Because that worked so well for California

My newly elected Governor – almost-felon Rick Scott – has big plans for Florida. First, he’s going to  get those taxes reduced because, after all “census data ranked Florida’s tax burden [only*] 36th-lowest among 50 states, behind even Mississippi.”

* Hey Florida! We can do better than that! Let’s shoot for 46th! Who needs schools or courts for heaven’s sake?

“Scott’s plan would take Florida in a direction similar to California in 1978, when voters passed Proposition 13 . . . Proposition 13 capped property taxes and bred three decades of combat over paying for schools, police, fire protection andother government services.”

Proposition 13 also took the world’s 7th largest economy and sent it into a tailspin, the horrific results of which have been playing out for the last 32 years.

This just boggles the mind. I don’t think you could locate anyone today who would call Prop 13 a success. But Scott likes it fine and thinks my State is just the place to try it again.

The story, by the fine David Hackett, explores the possible outcomes now that the GOP has been swept into all the State offices and both houses of the legislature.

5 responses to “Because that worked so well for California

  1. Ms. Holland,

    For another view on Prop 13 and California. http://www.city-journal.org/2010/20_2_prop-13.html

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  2. I read it in full Alan – I had a problem with how it bounced back and forth between dollars and percentages, but even so it was reasonable and included much that I wouldn’t argue with.

    A lot of what California spent before 1978 went to building new infrastructure and creating the finest university system in the country. Both of which are now declining terribly. The City Journal article ignores outcomes altogether except for education.

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  3. Ms. Holland,

    Thank you for reading the link. The problem with Caleefornia is those who work in the public sector are for the most part grossly overpaid. Traditionally the trade off between the private and public sector was money verses security. Now the public sector has the money and the security. Except, in the long run it won’t work. Of course a couple of generations of civil servants are set for life. Those pensions that California does not have the money for, are fantastic. Then the wrinkled retirees will spend their pensions in another state because the taxes are too high for them.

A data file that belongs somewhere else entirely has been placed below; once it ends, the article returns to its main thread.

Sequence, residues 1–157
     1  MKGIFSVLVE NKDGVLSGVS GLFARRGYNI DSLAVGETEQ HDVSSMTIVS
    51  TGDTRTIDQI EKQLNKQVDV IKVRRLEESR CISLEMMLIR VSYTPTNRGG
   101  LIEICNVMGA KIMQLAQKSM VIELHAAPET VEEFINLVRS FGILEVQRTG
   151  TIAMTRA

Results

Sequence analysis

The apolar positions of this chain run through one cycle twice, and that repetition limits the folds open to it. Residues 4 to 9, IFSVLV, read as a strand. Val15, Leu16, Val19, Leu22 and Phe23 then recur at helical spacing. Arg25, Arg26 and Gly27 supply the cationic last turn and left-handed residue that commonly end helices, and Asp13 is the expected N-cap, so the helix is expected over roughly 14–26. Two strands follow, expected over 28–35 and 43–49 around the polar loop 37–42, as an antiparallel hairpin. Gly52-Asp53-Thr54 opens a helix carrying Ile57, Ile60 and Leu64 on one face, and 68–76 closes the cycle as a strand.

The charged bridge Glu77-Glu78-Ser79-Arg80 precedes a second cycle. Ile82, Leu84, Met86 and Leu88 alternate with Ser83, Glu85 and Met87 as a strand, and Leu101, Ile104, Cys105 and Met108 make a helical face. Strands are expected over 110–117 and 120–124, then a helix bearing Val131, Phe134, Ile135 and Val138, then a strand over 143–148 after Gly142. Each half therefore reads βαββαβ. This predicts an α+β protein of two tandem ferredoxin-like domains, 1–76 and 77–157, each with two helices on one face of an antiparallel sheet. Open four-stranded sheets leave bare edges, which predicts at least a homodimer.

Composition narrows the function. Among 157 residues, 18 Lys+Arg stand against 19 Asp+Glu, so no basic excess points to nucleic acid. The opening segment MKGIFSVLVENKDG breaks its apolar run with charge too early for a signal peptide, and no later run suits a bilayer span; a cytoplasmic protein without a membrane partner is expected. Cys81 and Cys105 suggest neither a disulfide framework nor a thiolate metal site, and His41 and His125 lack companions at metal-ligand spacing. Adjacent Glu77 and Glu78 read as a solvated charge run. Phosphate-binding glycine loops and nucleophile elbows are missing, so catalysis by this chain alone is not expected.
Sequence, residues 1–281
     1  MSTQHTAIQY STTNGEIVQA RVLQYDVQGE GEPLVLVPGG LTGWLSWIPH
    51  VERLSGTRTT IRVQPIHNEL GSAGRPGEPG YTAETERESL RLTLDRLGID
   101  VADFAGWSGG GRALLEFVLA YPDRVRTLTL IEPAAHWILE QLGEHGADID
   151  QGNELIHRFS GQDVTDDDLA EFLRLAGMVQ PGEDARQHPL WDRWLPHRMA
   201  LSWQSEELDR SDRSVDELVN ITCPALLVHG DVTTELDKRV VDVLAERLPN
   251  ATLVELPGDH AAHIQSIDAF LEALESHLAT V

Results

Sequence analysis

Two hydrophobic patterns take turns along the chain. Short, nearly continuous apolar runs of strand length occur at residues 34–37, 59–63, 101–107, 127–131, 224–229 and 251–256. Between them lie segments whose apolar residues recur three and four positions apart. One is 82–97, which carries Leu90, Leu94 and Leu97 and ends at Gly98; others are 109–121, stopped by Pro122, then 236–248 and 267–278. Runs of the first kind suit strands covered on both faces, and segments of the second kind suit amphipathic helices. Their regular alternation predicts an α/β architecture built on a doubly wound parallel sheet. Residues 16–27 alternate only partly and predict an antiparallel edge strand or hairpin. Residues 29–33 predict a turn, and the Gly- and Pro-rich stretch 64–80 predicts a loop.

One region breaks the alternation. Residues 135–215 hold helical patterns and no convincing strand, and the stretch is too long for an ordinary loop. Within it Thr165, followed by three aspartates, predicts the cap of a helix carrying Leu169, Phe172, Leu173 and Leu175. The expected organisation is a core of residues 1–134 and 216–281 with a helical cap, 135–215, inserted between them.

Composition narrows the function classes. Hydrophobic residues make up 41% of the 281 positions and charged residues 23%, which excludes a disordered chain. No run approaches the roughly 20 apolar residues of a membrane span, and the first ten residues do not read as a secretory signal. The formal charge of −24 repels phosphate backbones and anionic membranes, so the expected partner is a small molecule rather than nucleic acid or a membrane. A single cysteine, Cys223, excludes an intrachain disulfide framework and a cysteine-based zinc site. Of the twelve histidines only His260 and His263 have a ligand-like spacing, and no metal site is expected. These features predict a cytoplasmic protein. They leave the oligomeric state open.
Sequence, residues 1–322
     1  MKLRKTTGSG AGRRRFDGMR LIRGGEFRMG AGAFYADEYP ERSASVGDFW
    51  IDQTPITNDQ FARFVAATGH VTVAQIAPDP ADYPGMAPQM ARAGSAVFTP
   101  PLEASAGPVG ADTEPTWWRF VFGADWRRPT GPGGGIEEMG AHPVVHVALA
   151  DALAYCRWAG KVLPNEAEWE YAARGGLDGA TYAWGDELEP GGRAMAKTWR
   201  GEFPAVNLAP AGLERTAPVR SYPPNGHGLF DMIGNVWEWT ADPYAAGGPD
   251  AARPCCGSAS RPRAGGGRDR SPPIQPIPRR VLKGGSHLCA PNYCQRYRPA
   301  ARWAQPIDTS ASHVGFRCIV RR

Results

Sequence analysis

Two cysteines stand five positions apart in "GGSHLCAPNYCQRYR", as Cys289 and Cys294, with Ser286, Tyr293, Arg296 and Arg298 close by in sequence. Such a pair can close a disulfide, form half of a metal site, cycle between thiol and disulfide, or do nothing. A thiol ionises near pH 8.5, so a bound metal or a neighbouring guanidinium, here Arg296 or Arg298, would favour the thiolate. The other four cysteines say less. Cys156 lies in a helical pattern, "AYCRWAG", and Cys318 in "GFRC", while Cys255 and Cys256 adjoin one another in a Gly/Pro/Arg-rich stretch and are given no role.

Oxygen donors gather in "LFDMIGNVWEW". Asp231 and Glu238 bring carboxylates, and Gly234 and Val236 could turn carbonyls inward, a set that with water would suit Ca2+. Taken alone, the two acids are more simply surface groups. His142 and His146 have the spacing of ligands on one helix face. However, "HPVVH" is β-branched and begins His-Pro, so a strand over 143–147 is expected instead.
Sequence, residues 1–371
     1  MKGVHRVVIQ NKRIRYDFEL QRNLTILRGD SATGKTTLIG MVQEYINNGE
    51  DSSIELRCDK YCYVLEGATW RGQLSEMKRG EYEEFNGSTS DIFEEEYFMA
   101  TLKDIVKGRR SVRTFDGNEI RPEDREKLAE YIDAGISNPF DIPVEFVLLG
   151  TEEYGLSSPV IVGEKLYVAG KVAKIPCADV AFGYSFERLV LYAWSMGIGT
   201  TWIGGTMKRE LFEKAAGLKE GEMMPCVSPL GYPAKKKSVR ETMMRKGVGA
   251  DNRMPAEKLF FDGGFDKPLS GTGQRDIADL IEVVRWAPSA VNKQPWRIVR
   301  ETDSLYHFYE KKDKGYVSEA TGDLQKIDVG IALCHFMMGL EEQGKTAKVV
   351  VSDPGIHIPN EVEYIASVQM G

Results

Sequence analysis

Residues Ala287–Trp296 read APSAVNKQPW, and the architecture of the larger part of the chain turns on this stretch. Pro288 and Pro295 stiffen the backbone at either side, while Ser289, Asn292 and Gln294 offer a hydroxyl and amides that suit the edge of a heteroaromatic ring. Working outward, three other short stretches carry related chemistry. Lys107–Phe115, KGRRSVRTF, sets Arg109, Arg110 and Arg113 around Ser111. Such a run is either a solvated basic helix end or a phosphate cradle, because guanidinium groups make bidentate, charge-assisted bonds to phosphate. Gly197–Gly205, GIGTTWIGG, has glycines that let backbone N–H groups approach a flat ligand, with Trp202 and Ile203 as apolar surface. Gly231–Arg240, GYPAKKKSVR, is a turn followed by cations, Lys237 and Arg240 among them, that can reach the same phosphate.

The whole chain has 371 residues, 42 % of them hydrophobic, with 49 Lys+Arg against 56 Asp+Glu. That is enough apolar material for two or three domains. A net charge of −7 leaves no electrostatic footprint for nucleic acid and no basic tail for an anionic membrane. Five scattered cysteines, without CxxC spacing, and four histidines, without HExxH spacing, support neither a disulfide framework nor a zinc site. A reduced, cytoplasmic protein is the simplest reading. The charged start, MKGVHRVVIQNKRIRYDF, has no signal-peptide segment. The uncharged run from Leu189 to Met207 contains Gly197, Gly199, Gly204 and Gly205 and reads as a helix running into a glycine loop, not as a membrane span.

California and New York are the Democrat Party’s illegitimate children. The public sector lives off the private economy like a parasite. You can argue infrastructure, infrastructure, infrastructure. I argue back, debt and taxes, debt and taxes, debt and taxes. The private sector in those states is being killed off.

    Their is an interesting ideological battle shaping up nationally and in the states. Between what you believe and what I believe. Nationally Obama and the Senate Democrats cancel out the Republican House, so gridlock is the game for now.

    At the State level, we will see which philosophy actually works. My State of Pa. has swung back to Capitalism and limited government. We will see how the States of Pa, New Jersey, and Indiana fare against California and New York where big government and big taxes have won.

    The only caveat I have is whether Obama bails out the stupid states.

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    • There won’t be any bail outs of states coming from the federal government. We don’t have any money either. Which of course is Obama’s fault, as is the fact that my a/c seems to be on the fritz.

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  4. Ms. Holland,

    I just found this. Apparently things are even worse in California than we were lead to believe.

    http://latimesblogs.latimes.com/california-politics/2010/11/schwarzenegger-calls-for-emergency-lame-duck-budget-session.html

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